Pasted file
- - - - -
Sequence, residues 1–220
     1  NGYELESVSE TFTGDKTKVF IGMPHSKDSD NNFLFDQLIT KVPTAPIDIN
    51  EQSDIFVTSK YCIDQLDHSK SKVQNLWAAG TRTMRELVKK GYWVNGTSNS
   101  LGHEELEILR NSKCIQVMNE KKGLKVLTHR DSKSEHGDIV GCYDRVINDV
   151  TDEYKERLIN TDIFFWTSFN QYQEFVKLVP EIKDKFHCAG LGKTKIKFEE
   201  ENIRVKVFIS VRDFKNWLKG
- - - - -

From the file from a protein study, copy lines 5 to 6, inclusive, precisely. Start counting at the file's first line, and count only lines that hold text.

   151  TDEYKERLIN TDIFFWTSFN QYQEFVKLVP EIKDKFHCAG LGKTKIKFEE
   201  ENIRVKVFIS VRDFKNWLKG